• 1938 - Russell begins making woven athletic garments, including basketball, baseball and football pants and jackets.
  • 1945 - Benjamin C. Russell dies and is succeeded as president by his brother, Thomas D. Russell.
  • 1962 - Russell Manufacturing Company's name is changed to Russell Mills, Inc.
  • 1967 - Russell develops the tear-away jersey.
  • 1973 - Russell Mills' name is changed to Russell Corporation.
  • 1983 - A line of styled sportswear and a line of basic T-shirts bearing the JERZEES label is introduced.
  • 1985 - Russell's Common Stock begins trading on New York Stock Exchange (NYSE) on December 26, 1985.
  • 1989 - Russell Corporation purchases Cloathbond, Limited, a knit apparel manufacturer in Livingston, West Lothian, Scotland. The name is later changed to Russell Corporation UK Limited.
  • 1991 - Russell Corporation introduces NuBlend, a revolutionary poly/cotton fabric that virtually eliminates pilling. Russell also embarks on a massive recycling program with facilities located in Alexander City.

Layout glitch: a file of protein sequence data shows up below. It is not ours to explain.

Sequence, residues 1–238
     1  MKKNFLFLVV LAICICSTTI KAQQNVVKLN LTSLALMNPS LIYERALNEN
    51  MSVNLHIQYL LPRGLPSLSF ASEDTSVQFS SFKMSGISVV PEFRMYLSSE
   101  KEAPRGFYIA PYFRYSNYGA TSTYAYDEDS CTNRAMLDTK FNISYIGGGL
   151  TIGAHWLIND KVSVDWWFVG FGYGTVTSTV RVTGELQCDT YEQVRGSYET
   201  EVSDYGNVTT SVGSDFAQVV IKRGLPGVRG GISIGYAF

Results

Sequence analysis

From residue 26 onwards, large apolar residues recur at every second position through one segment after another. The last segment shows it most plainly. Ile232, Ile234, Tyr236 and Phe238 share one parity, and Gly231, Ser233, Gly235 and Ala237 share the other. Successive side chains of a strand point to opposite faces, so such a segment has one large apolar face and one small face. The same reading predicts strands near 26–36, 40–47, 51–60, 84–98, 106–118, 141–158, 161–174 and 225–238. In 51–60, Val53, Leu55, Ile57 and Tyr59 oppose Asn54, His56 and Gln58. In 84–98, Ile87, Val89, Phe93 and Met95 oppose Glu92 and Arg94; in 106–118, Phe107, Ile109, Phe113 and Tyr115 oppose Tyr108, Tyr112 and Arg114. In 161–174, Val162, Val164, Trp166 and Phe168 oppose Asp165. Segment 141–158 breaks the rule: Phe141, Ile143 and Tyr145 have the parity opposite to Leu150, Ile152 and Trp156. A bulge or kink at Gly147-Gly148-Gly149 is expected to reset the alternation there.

• 1994 - Russell Corporation acquires DeSoto Mills of Fort Payne, AL.
  • 1995 - Sales reach $1 billion.
  • 1997 - Russell is ranked 5th amongst apparel companies by Fortune Magazine in total return to investors over the 10 year period from 1986 to 1996.
  • 1998 - John F. Ward is named Chairman, President, CEO of Russell Corporation.
  • 1999 - Offices in Atlanta, GA are opened establishing dual headquarters with Alexander City.
  • 2000 - Russell Corporation signs agreement to acquire the apparel operations of Haas Outdoors, Inc. and will create the Mossy Oak Apparel Company.
  • 2002 - Russell acquires Moving Comfort
  • 2004 - Acquires AAI (American Athletic), Huffy Sports and Brooks Sports
  • 2006 - On April 17, Berkshire Hathaway has agreed to purchase 100% of Russell in order to take the company private.
  • 2006 - On August 3, Chairman and CEO John F. Ward resigned.
  • 2009 - On January 29, the company announced it was closing its Atlanta headquarters

College Football Programs Sponsored by Russell

References

  1. ^ a b Business Wire (2006-08-02). "Acquisition of Russell Corporation Complete". Press release. http://www.corporate-ir.net/ireye/ir_site.zhtml?ticker=RML&script=410&layout=-6&item_id=890901. Retrieved 2006-08-07.  
  2. ^ "Michigan Is the Latest University to End a Licensing Deal With an Apparel Maker", New York Times, February 23, 2009 (retrieved July 30, 2009).